How family films became faaaabulous

How family films became faaaabulous

The Disney secret

Text: Yeong Sassall

Why inclusiveness starts young. By David Smiedt

Two remarkable things happened in film last week. The first was brilliant. The second bizarre. Let's start with the brilliant. In a none-too-subtle dig at the Oscars SNAFU, the Rio cinema in London's east pranked viewers by playing 20 seconds of La La Land before screenings of Moonlight.

From the sublime to the ridic: the Henagar Drive In in Alabama refused to screen the new live action version of Beauty & The Beast because of the inclusion of a character, LeFou, who is majorly crushing on his mate Gaston.

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Shows like Looking, The L-Word, Will & Grace - to mention just a few - have brought increased representation (but not enough) of LGBTQI+ diversity to mainstream media for some time, but the new trend lies in film-makers who are cleverly and positively bringing a message of inclusiveness to young viewers.

In other words, Gaston and LeFou are by no means alone. In last year's Finding Dory, there is a scene where two women look into their stroller to find a dummy-sucking octopus. Presumably where their baby should be. As far back as 2012, ParaNorman featured what many believe is the first openly gay character in a mainstream animated feature. He was a blokey sportsman named Mitch, who was voiced by Casey Affleck and spoke of his boyfriend.

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There have even been digs at gay marriage laws. Director Dean DeBlois was adamant that one of his characters - Gobber The Belch - was a gay Viking in 2014's How To Train Your Dragon. Voiced by Craig Ferguson, Gobbler observes a spat between a heterosexual couple and says, "This is why I never married. This and one other reason."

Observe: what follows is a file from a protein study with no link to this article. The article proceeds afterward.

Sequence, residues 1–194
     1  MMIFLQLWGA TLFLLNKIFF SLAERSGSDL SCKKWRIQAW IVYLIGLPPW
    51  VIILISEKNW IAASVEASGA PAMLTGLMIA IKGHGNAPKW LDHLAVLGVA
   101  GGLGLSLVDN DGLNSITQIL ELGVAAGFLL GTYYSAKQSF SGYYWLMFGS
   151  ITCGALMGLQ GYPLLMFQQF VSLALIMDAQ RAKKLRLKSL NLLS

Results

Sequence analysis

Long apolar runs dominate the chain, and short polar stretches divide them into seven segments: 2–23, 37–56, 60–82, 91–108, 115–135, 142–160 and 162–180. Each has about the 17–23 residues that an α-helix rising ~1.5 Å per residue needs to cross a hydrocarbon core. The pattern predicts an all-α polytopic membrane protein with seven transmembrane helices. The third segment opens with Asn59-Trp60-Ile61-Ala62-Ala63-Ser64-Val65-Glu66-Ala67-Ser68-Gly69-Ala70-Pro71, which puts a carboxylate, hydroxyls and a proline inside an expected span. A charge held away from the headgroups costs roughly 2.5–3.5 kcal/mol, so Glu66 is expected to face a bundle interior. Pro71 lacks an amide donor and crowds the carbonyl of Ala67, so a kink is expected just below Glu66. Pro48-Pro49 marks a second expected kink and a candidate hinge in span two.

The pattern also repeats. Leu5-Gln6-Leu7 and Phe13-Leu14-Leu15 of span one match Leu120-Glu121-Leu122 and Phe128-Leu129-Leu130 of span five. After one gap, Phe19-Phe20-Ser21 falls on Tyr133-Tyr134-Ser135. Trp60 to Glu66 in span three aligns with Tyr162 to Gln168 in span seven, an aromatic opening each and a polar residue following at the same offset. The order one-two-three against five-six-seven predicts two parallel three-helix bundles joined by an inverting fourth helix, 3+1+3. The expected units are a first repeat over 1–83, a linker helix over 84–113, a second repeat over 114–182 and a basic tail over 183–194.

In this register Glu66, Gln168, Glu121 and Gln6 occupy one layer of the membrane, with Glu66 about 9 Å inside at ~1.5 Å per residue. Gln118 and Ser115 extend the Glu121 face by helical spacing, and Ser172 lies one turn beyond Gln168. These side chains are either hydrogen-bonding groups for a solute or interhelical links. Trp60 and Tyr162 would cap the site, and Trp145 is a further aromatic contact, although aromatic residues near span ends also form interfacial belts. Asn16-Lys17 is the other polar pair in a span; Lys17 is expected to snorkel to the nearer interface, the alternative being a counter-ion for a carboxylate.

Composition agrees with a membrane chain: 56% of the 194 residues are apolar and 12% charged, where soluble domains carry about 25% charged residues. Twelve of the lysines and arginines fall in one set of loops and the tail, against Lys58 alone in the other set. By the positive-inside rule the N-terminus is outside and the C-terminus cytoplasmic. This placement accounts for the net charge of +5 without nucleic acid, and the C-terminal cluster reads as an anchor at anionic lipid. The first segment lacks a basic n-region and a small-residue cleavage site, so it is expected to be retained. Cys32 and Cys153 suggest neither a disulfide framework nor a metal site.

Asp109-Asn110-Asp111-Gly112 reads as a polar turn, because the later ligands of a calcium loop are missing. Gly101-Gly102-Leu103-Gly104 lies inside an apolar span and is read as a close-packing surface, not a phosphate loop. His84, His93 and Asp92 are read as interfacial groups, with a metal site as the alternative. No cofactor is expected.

Then there's television. The Simpsons is now in its 28th season, a generation grew up watching the show and primary character Waylon Smithers is a pastiche so camp he practically trails glitter. Not to mention Marge's sister Patty, who has featured on a gay pride float chanting "we're gay, we're glad, but don't tell mom and dad".

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Times they are a changing with media advocacy group GLAAD's 2015 Studio Responsibility Index finding 17.5 per cent of movie releases the previous year included characters who were gay, lesbian or bisexual. Of those, 23 per cent were family films.

That is a staggering cultural shift and one that is gaining momentum. There has been a push and of course a hashtag to give Elsa a girlfriend in the upcoming Frozen sequel. And the stars are on board: "I think it's a great idea," said star Idina Menzel, "Disney's just gotta contend with that. I'll let them figure it out."

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And figure out Disney and other studios must, as demand for inclusion and diversity now spreads beyond the LGBTQI+ community and into the mainstream mums and dads, mums and mums and dads and dads who want their children growing up with better, fairer, greater representation than they saw on their screens.

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